Learn from the past, set vivid, detailed goals for the future, and live in the only moment of time over which you have any control: now.

– Denis Waitley

Divorce • Family law • estate planning
Experienced family law and estate planning representation:

The financial effects of divorce

Divorce can be an extremely devastating experience, both emotionally and financially. According to some researchers, divorced spouses would, on average, require a 30 percent rise in their income to retain the same standard of living that they had before the divorce. Upon finalizing your divorce, it is recommended that you follow through on important actions that can have considerable financial consequences. In many instances, spouses are unaware of the steps they need to take to safeguard their financial security with respect to the division of property, child support, tax management and estate planning.

For example, with regard to the division of property following divorce, it is imperative that the spouses have correctly drafted documents for the transfer of retirement assets in order to ensure that the transfer is not subject to income tax. If pension plans are involved, then you should be very attentive to the execution of the division of assets because the regulations differ with respect to each plan’s rules.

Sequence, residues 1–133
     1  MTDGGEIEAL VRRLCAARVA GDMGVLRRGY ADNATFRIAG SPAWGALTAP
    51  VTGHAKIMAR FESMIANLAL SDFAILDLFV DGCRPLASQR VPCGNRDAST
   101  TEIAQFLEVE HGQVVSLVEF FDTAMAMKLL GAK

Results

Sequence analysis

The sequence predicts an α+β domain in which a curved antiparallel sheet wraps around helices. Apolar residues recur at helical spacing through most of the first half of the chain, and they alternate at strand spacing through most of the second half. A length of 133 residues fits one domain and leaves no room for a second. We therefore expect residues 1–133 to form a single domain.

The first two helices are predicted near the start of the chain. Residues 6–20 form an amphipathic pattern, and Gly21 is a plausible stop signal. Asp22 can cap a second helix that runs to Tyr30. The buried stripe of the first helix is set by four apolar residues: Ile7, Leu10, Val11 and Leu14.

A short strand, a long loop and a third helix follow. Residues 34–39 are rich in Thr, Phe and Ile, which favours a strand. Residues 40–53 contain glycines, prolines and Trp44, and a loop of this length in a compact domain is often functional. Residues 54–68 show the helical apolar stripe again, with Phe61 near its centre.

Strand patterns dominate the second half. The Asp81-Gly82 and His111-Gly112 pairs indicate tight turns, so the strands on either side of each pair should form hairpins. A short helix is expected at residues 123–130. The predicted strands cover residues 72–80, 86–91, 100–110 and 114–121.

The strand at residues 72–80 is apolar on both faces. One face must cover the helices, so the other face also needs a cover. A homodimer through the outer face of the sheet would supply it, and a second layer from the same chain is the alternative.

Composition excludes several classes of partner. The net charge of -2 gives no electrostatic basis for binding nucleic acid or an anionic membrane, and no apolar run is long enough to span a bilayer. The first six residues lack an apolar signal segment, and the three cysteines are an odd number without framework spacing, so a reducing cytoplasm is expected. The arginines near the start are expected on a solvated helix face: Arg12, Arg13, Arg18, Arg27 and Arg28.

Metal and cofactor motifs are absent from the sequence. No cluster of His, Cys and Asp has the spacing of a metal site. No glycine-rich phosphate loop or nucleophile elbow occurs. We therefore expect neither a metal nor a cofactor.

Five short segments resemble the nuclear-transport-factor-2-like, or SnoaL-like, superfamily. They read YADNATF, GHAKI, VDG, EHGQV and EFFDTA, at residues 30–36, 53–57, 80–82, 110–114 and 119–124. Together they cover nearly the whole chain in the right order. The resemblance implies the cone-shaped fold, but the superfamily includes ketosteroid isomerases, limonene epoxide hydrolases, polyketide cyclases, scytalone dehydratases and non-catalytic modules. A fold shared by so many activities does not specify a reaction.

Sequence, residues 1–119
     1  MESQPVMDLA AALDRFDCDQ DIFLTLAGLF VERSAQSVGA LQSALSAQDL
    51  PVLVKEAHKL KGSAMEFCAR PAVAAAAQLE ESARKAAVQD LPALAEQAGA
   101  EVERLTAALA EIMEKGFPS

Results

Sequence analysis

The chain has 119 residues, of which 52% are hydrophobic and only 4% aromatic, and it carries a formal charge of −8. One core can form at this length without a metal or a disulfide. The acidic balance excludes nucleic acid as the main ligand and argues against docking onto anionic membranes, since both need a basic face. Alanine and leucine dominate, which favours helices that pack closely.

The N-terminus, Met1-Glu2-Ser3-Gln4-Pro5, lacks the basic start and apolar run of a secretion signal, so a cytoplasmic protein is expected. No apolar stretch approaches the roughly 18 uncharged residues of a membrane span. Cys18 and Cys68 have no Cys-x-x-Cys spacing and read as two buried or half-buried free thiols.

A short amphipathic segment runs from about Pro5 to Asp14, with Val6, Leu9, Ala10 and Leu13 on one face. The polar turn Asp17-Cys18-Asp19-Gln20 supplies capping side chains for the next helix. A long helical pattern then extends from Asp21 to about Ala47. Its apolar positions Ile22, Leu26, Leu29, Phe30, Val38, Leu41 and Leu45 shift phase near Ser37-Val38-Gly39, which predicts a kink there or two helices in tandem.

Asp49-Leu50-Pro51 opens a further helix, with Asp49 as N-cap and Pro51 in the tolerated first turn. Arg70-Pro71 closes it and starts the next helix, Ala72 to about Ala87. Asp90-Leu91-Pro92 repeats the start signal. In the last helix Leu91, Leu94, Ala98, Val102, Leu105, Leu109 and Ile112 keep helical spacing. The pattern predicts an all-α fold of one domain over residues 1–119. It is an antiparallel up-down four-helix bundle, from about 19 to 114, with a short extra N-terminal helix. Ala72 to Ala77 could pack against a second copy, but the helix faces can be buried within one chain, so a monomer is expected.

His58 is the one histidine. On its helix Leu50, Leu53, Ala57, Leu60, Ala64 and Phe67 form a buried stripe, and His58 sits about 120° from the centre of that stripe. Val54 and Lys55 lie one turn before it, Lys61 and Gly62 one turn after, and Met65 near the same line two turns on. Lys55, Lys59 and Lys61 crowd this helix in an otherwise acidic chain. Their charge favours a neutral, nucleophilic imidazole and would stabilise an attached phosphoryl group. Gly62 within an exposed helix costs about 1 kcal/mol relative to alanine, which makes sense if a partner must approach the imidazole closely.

Divorcing spouses also need to update their beneficiary designations on IRAs, 401(k)s and insurance policies, because the person(s) named on such documents will inherit those assets, and not the person(s) named in the will. Where there are minor children, it may be necessary for parents to create a testamentary trust, and to name a trustee to make certain that the assets go to the proper beneficiary in the event a parent death predeceases the children reaching a designated age.

Furthermore, if you are a recipient of alimony, which is deemed income, you may qualify to make IRA contributions on the basis of that income is contingent on IRA income limitations. In the case of child support, where one spouse may think that the custodial spouse is wasting the child support payments or that the required amount of child support is excessive, these payments are court mandated and can be readjusted in cases of major life changes. Similarly, alimony payments can be a much-needed financial relief for the recipient-spouse, but can prove to be a financial hardship for the spouse who is ordered to pay spousal support.

Once your divorce is close to being finalized, close all joint bank accounts. Cancel all credit cards and obtain new cards in your own name. In addition, close all credit card accounts that have not been used, and inform your creditors of the change in your marital status. By implementing certain measures, you can help reduce the adverse financial impact that divorce can have on you and your family.

[footer block_id=’474′]

Leave a Comment

Your email address will not be published. Required fields are marked *

Scroll to Top